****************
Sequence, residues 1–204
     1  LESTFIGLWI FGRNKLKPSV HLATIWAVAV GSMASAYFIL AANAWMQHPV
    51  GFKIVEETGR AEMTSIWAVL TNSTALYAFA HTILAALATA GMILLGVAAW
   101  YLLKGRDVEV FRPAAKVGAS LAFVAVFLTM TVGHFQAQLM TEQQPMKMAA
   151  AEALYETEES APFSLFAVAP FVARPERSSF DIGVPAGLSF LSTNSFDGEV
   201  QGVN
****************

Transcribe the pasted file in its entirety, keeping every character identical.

Sequence, residues 1–204
     1  LESTFIGLWI FGRNKLKPSV HLATIWAVAV GSMASAYFIL AANAWMQHPV
    51  GFKIVEETGR AEMTSIWAVL TNSTALYAFA HTILAALATA GMILLGVAAW
   101  YLLKGRDVEV FRPAAKVGAS LAFVAVFLTM TVGHFQAQLM TEQQPMKMAA
   151  AEALYETEES APFSLFAVAP FVARPERSSF DIGVPAGLSF LSTNSFDGEV
   201  QGVN